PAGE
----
THE FRENCH INVADE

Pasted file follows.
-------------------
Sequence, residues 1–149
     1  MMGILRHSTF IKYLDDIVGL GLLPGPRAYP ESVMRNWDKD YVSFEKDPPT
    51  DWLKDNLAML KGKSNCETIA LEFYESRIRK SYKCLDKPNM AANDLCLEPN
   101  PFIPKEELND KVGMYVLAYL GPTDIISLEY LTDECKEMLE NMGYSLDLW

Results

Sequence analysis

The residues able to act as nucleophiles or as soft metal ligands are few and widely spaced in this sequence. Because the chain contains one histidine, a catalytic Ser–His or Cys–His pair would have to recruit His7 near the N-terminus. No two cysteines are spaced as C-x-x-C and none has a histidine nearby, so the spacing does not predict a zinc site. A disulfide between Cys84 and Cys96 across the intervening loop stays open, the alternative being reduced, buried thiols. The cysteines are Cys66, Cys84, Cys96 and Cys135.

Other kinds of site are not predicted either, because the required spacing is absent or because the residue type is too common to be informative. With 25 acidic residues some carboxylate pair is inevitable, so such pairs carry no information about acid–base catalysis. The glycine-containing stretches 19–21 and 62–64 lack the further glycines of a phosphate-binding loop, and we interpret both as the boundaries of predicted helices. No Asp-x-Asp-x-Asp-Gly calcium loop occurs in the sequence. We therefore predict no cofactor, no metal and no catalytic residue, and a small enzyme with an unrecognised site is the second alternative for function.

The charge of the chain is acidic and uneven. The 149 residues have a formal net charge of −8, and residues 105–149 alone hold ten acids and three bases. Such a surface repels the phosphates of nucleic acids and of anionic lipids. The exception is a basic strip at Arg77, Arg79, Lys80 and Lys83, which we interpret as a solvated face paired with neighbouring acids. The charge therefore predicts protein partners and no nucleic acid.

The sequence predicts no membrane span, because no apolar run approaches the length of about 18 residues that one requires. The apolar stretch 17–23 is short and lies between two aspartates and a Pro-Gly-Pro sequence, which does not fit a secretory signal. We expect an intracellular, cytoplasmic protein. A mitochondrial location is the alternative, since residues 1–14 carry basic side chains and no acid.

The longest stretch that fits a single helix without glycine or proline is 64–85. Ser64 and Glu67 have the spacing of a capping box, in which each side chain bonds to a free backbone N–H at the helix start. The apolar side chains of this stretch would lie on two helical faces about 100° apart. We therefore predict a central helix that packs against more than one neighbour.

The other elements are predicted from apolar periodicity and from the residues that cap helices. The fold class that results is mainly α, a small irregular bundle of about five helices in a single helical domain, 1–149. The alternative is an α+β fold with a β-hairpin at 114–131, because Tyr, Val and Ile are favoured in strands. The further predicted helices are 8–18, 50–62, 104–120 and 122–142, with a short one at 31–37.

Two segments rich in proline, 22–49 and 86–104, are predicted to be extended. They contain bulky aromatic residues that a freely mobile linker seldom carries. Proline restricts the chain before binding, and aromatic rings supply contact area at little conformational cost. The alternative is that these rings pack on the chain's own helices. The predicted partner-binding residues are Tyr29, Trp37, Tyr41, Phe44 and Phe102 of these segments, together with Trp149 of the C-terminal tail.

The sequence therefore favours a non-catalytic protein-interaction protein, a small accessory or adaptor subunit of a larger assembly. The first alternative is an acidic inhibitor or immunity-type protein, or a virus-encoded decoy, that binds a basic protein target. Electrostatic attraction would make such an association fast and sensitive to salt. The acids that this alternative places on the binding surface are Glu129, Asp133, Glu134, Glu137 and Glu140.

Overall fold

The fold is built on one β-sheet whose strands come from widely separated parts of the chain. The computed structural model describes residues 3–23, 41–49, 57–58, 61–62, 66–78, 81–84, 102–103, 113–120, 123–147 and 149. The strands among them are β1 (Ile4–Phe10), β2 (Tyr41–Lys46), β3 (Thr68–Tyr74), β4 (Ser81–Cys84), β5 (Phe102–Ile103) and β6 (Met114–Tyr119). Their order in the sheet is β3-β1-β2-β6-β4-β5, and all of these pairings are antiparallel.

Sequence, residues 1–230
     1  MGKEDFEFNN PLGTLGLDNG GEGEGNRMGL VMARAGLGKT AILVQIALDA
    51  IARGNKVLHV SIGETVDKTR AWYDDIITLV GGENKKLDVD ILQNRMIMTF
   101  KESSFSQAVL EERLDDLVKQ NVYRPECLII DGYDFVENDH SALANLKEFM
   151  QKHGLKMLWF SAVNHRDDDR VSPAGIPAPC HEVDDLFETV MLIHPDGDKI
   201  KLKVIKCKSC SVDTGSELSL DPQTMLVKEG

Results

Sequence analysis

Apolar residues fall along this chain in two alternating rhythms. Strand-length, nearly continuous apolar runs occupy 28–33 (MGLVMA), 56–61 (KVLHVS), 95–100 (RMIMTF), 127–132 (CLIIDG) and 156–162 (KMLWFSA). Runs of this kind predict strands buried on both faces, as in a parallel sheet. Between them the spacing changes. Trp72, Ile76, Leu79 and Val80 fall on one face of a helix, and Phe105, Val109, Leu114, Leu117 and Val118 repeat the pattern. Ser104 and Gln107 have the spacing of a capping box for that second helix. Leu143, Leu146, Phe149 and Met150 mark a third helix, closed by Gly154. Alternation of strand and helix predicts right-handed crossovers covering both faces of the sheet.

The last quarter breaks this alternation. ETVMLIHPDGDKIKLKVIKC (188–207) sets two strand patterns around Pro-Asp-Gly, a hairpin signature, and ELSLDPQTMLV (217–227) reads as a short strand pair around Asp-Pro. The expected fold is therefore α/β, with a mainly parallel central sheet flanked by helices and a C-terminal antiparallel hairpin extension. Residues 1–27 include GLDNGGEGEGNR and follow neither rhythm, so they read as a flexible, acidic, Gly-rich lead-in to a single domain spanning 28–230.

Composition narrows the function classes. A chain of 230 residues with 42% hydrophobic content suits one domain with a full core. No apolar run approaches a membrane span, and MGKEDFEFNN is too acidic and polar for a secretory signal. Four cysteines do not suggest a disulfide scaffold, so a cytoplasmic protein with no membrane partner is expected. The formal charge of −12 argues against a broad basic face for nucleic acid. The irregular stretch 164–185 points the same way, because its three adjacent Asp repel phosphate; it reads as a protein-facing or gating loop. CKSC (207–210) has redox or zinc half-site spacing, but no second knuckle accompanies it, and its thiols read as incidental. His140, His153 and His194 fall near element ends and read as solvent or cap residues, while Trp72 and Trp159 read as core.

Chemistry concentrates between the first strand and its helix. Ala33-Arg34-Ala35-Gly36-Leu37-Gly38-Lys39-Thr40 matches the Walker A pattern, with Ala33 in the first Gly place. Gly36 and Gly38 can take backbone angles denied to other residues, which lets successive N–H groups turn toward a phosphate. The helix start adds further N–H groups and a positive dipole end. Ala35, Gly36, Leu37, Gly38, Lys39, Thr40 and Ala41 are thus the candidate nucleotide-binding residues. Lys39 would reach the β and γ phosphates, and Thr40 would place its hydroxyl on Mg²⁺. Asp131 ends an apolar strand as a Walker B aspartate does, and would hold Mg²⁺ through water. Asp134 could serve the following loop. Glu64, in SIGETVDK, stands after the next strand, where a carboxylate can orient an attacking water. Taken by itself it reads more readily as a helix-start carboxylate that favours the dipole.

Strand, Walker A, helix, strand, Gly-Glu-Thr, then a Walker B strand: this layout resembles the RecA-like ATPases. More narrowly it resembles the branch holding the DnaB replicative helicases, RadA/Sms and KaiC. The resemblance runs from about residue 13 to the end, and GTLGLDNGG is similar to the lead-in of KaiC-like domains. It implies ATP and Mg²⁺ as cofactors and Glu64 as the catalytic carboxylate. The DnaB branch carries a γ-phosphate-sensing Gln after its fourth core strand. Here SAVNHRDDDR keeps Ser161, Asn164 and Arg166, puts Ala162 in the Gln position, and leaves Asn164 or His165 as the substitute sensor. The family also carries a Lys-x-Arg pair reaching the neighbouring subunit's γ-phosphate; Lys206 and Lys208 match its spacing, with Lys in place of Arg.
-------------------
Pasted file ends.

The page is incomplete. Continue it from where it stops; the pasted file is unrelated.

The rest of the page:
French Invaded Its Shores, Indians Whooped War CriesIn the spring of 1687 at his headquarters in Montreal, the Marquis Denonville and his staff poured over maps, even as Dwight Eiesenhower and his staff did in 1944. The Marquis jabbed a forefinger at a place on the map. "there," he said, "is O-nyui-da-on-da-gwat, the bay of the Senecas, the gateway to their empire. There shall we invade." Other Frenchmen had explored that beach, La Salle the explorer, and Galinee, Dallion, Chaumont and other brave priests who carried the Cross to the filthy wilderness villages of the Senecas. The rulers of New France had heard of the empire of furs, of the short water route to the Western trading posts that the Indians guarded so jealously. Denonville sought to crush the Seneca power for all time and extend France's "sphere of influence." So he mapped the grand strategy of D-Day in 1687. From Montreal an armada of 1,500 Frenchmen and 500 Indian allies was set out in 200 bateaux and canoes. Another band of 1,000 Indians under Tonti was to leave from the Western lakes. On a certain hour of a certain day, the two forces were to join at Irondequiot Bay, establish a beachhead, then push into the interior and lay waste the Indian country. In 1687 there was no radio, no way by which the two converging armies could communicate with each other. Yet on a July afternoon, one fleet swept by Nine Mile Point just as the other flotilla neared the mouth of the Genesee River. The two armies met at Irondequoit Bay at precisely the appointed hour. It was a masterpiece of timing, worthy of an Eisenhower. The expedition landed without opposition, although Seneca scouts watched from the woods and spread the alarm. Denonville encamped at the bay, built a palisaded fort, then marched into the Genesee Country - and into bloody ambush near Victor. The French won the day and went on to devastate the Seneca villages and crops. The Marquis returned to Irondequoit Bay flushed with victory, and sailed west to build a fort at Niagra. The next year the bay was alive with Indian war canoes. The Senecas had rebuilt their villages, planted new crops and mobilized a mighty army, fired with revenge. They repaid the Marquis' visit with interest, burned and ravaged the French settlements in Canada. Denonville's invasion proved an inglorious failure.